Career Exploration and High School Students

Everyone is aware that school personnel is generally stretched thin. Overcrowded classrooms, underfunded schools, and understaffed administration make for a host of challenges. Behavioral and academic challenges are often highlighted in news stories and board meetings. However, understaffed and overworked counselors can be more detrimental to high school students’ futures than we realize. 


One of the best ways for students to explore post-secondary career opportunities is through mentorship and networking with professionals in their chosen fields. Going out meeting these individuals can be quite intimidating for young people. They want to get to know the business or industry, but meeting someone established can make them feel nervous and anxious. Counselors are often tasked with making these introductions. However, there may not be but two to three counselors in a school of one thousand students or more. This means that each counselor may be responsible for up to five-hundred students. We need more agencies that can foster these meetings between students and professionals and guide students through career exploration. 

Goal Management

When meeting these professionals, students can sometimes leave overwhelmed. They are very interested in the industry and maybe even more excited, but they have trouble planning the next steps. Counselors also often help students plan their steps. With the overwhelming number of students, they have, however, they can often not spend much time with each student. Our counselors and programs can help students figure out what to do next.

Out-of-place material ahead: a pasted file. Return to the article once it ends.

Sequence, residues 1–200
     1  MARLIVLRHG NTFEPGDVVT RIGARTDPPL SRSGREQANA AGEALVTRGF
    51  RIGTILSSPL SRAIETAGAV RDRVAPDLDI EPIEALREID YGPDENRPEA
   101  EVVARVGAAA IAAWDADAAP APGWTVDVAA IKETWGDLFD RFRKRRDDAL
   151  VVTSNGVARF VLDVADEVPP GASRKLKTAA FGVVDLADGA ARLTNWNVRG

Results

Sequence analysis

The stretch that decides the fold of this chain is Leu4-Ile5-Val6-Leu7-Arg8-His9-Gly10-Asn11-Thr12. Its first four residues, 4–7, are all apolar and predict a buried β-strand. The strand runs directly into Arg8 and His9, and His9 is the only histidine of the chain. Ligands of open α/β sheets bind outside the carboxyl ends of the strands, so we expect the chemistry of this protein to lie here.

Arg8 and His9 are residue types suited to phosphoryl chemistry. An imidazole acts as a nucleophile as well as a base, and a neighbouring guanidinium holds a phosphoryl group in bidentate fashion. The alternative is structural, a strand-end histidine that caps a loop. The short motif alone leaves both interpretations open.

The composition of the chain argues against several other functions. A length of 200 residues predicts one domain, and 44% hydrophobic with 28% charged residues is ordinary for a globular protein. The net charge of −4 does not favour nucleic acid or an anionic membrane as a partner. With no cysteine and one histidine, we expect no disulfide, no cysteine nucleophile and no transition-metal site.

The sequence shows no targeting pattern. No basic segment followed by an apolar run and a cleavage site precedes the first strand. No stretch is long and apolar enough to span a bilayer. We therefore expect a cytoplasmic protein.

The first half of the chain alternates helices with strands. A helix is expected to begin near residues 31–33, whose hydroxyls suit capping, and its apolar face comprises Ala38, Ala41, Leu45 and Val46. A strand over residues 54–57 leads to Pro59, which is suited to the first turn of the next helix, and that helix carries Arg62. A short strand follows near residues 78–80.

Not every student knows what they want to do in the future. We can help your student explore their career options. Students don’t always know what options are available that meet their desires and abilities. Basketball fans can do jobs in basketball that aren’t players. Gifted writers do not have to be newspaper reporters. Children need guidance to be aware of their options after high school. 


Goal management is only one portion on the road to college and career readiness. Some programs require specific high school courses or tracks to be eligible for career certifications. Likewise, some programs require particular first- or second-year courses in college for specific degrees. We can help your child decide what they need to do and how to prepare. This preparation includes goal planning and gathering the information and tools to be successful.